As we enter our second month of virtual learning, I’m so grateful that I decided to get back into The EduProtocol Field Guide by Marlena Hebern and Jon Corippo. Many of their activities translated easily into online practice, allowing me to create new routines for my classes.
In the words of the authors, “EduProtocols are instructional lesson frames that are designed to engage students in learning through critical thinking, collaboration, communication, and creativity.”
What I enjoy about these protocols is that I can use templates for a variety of topics, saving time in my shortened online classes. The authors are generous, linking many of their activities on the EduProtocols website for free.
I started with the 8 p*ARTS of Speech practice, in which students complete a Google Drawings document based on a humorous photo. They work together to apply the parts of speech, write a three-word sentence, and create a simile related to the image. I share the templates with them on Google Classroom, so I can observe their documents as they work, offering feedback.
One of the small joys of virtual learning has been popping into a breakout room and hearing students arguing over which interjection best fits with an image. My students enjoyed that they were able to express their mastery quickly and then play with the process, trying to use the most gruesome or humorous words to describe the image.
Once the class had mastered that task, we moved on to the Sentence Parts template, gradually adding boxes to the Google Drawing until students were correctly using semicolons, homophones, and possessive nouns every day.
This step took less than eight minutes of class time each day, and saved me so much time because students now understand when I say to them, “Use a plural possessive.” I have also seen more semicolons in independent student writing than I have with any other method of teaching.
In addition to using EduProtocols for grammar, I’ve incorporated Hebern and Corippo’s ideas into our Dystopian Unit vocabulary study. We started with the Frayer model, which uses boxes to break down a word into its definition, characteristics, an example, and a non-example. With 20 minutes less class time available during virtual learning, I provided the definition for the students.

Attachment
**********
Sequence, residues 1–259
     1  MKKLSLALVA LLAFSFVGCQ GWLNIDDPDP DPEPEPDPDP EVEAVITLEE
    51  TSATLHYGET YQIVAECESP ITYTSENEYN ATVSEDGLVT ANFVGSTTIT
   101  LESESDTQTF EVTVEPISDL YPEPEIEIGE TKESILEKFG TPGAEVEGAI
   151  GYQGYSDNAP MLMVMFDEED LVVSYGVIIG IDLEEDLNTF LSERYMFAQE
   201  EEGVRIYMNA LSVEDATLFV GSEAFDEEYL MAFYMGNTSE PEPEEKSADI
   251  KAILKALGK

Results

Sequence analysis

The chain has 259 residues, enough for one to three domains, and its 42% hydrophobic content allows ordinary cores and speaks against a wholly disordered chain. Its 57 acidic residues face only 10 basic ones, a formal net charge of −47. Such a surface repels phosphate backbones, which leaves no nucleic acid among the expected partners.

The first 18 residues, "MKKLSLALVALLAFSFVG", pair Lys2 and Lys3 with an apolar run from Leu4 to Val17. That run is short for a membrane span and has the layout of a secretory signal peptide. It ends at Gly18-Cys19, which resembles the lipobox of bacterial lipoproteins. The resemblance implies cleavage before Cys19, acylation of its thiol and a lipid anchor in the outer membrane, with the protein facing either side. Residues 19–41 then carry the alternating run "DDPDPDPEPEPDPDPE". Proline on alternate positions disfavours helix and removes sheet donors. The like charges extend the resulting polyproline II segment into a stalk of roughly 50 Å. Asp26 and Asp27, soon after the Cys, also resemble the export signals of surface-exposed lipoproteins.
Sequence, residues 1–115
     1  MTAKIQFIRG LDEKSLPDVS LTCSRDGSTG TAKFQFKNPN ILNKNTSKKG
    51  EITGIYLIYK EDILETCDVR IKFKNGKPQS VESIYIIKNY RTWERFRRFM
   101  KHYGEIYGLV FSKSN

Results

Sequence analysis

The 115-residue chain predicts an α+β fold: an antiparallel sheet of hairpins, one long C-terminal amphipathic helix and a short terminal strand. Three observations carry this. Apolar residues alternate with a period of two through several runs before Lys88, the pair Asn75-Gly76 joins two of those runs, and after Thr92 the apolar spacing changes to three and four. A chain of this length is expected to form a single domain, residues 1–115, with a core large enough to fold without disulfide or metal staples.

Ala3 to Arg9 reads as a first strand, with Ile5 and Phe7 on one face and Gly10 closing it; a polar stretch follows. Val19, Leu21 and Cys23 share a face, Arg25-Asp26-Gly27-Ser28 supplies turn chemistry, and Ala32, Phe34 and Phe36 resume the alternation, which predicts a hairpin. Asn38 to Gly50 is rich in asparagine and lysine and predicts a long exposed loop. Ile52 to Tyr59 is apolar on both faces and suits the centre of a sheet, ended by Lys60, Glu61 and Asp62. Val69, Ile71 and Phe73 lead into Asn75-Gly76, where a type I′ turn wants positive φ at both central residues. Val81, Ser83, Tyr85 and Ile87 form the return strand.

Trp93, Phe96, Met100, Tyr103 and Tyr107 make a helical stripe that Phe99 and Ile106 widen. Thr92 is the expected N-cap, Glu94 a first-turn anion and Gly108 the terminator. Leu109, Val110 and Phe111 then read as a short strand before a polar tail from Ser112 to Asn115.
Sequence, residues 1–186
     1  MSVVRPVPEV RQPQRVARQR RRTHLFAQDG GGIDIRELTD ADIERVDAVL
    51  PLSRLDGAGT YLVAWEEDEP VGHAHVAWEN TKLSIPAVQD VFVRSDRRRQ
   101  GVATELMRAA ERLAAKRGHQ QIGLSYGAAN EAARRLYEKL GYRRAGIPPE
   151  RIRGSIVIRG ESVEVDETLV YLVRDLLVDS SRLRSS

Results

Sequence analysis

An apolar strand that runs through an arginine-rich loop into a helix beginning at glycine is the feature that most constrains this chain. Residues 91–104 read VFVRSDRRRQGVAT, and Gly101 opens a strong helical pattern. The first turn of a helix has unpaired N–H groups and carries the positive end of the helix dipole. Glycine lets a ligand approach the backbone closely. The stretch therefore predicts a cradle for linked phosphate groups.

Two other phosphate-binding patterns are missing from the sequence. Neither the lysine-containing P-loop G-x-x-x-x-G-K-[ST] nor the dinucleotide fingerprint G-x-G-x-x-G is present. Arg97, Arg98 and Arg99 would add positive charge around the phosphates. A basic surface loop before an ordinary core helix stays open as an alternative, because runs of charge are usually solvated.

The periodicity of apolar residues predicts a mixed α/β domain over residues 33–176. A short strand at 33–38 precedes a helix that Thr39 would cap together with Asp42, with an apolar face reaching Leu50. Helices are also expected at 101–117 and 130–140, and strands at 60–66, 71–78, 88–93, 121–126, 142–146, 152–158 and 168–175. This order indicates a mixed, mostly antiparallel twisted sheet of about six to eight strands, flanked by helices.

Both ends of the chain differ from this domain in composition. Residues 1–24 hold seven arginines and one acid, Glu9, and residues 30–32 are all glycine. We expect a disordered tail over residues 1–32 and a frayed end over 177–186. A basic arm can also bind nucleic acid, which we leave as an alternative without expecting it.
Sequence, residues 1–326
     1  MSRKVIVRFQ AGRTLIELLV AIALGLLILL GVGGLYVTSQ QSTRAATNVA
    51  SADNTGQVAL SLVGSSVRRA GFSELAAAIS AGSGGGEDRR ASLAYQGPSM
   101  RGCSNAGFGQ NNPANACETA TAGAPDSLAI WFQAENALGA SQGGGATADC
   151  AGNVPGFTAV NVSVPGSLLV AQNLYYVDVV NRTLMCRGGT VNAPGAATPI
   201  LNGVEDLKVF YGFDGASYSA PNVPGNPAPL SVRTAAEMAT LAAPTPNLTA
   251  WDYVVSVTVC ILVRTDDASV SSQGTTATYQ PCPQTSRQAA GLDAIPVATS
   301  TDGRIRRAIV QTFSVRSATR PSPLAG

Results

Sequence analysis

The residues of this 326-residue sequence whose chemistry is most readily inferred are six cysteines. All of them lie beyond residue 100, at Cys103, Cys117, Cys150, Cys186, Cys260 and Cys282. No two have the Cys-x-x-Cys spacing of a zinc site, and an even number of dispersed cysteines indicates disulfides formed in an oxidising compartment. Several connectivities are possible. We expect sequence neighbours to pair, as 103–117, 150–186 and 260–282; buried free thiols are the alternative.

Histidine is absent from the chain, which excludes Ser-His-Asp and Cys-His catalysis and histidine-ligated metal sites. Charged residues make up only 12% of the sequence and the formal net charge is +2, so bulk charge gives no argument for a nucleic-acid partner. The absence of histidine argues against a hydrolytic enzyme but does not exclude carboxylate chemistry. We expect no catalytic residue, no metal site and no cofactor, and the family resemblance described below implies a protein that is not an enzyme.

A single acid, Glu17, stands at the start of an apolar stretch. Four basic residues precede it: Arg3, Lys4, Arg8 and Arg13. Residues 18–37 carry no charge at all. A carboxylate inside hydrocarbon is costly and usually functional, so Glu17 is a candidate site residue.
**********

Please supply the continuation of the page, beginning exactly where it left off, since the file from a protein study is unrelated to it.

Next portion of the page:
When students became adept at the Frayer model, we moved on to the Sketch and Tell EduProtocol (shared on their site from from their second book). This takes the previous skill to the next level by requiring students to create an image using only the shape tools available in Google Drawings (no internet images).
I love that students need to be creative and discuss how to best represent abstract concepts with simple shapes. Their illustrations frequently surprise me, and they love to compete to see which team has the best image.
It can feel daunting to roll out a new activity at the end of the year when there are already so many new challenges involved in online teaching. Yet you could easily add any of these activities to your class tomorrow with very little stress. The second time we did the 8 pArts of speech, a student exclaimed, “Oh, I like doing this. It’s kind of fun!” I can’t ask for much more than that when it comes to teaching grammar online.
Where will the EduProtocols take me next? I hope to purchase the second book in the series and to reread the section on creating a classroom culture (sixty pages are devoted to starting the year right). This book would be an excellent gift for new teachers, but even after 17 years of teaching, I still found so much to inspire me.
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